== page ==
São Paulo subway facial recognition system slammed over user data security and privacy

A new surveillance system is deemed "inefficient and dangerous" as it fails to protect the personal information of 4 million daily users, associations say.
Written by Angelica Mari, Contributing Writer

The company responsible for the operation of São Paulo's subway system has failed to demonstrate sufficient evidence that it is ensuring the protection of user privacy in the implementation of a new platform that will use facial recognition technology.

This is the conclusion of a group of consumer rights bodies following the conclusion of legal action initiated against Companhia do Metropolitano de São Paulo (METRO) about a project aimed at modernizing the subway's surveillance set-up.

The current legacy system includes an estate of non-integrated 2200 cameras that will be replaced by 5200 digital high-definition cameras controlled centrally. The platform, which will scan the faces of 4 million daily passengers, is expected to enhance operations and help authorities find wanted criminals through an integration with the police database.

The consumer rights bodies that have initiated the civil lawsuit noted in a statement by the Brazilian Institute of Consumer Protection (IDEC) that METRO failed to produce a report on the impact associated with the use of facial recognition technology, or studies that demonstrate the security of the databases to be used for the implementation of the new surveillance system.

In addition, METRO has not developed any data protection policies specifically aimed at children and teenagers, who have special constitutional protection, the organizations said, adding the company has also failed to produce a financial impact study in the event of data leaks.

According to the consumer rights bodies, a technology project with impact at such scale "should be preceded by the wide and transparent disclosure of information of interest to users of the system". The organizations noted this is especially important when it comes to adherence to the principles established by the upcoming data protection regulations.

The absence of guarantees to users verified in the documents presented by the company in the class action is worrying given that use of facial recognition technology is being contested globally, according to the organizations, citing the recent interruption of that like of business by companies like IBM. The statement also noted the issue of false positives in the use of facial recognition technology in countries such as the UK.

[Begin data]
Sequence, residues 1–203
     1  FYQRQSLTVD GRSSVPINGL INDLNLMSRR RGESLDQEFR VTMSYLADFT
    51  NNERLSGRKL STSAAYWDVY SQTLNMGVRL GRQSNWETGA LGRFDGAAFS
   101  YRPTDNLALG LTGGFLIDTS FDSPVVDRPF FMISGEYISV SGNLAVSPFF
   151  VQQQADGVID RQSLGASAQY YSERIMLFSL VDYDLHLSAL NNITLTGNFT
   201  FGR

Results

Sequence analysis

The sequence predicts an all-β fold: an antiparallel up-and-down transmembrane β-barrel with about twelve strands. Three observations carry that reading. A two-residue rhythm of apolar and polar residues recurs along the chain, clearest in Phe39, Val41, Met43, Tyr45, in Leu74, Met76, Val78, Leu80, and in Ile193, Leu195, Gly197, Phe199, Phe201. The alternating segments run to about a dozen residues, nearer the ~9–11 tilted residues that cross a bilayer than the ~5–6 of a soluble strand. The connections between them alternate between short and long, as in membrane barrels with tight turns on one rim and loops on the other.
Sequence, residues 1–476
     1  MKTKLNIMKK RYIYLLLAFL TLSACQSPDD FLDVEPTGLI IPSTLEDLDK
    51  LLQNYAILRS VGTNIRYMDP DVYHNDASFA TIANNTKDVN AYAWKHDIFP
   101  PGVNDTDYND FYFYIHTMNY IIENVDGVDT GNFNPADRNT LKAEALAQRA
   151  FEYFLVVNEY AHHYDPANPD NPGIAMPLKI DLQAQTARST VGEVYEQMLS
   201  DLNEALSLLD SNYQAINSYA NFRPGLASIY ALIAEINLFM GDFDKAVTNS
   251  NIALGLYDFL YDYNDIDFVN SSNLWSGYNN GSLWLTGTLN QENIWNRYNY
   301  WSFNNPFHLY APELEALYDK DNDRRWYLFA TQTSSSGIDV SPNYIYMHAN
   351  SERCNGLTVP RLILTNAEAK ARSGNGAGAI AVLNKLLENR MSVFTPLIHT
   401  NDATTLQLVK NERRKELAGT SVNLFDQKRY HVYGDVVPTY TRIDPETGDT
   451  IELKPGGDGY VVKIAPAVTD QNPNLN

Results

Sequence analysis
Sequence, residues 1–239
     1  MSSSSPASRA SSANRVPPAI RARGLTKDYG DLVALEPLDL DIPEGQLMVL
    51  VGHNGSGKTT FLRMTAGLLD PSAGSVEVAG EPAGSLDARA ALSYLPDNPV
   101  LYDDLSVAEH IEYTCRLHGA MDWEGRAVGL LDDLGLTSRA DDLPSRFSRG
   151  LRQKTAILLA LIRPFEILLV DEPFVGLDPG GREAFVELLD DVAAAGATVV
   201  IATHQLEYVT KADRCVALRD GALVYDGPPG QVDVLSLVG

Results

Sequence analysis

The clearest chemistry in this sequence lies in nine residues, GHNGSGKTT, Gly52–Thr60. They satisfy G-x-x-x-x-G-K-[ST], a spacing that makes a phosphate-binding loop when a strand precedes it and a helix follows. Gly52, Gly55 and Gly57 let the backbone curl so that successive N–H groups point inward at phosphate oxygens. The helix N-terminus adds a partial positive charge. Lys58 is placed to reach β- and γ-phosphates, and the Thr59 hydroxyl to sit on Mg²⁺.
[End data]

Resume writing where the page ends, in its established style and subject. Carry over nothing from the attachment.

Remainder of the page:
"The ineffectiveness of technology, which is aggressive and invasive in nature, producing discriminatory actions against passengers, can worsen the already precarious experience of the public transport user, who may have their long and tiring daily journeys interrupted due to false positives", the IDEC statement said.

"METRO seeks to implement an inefficient and dangerous system, without even taking all the necessary precautions to avoid massive violations of privacy rights and, therefore, will seek to legally defend the interests of all users of the system", it added.

Responding to ZDNet's request for comment on the outcome of the class action, METRO said it clarified all the points raised and obeyed the legal requirements for the implementation of the surveillance system.

The company said, in a statement, that the system was contracted for the purpose of monitoring with cameras that have "smart" resources to support operational activities rather than the collection of personal user data.

"The [framework of the upcoming] general data protection regulations was the model used for this project, which will not employ a database with personal information nor record personal information, the priority being the increased security of METRO's passengers", the company noted.

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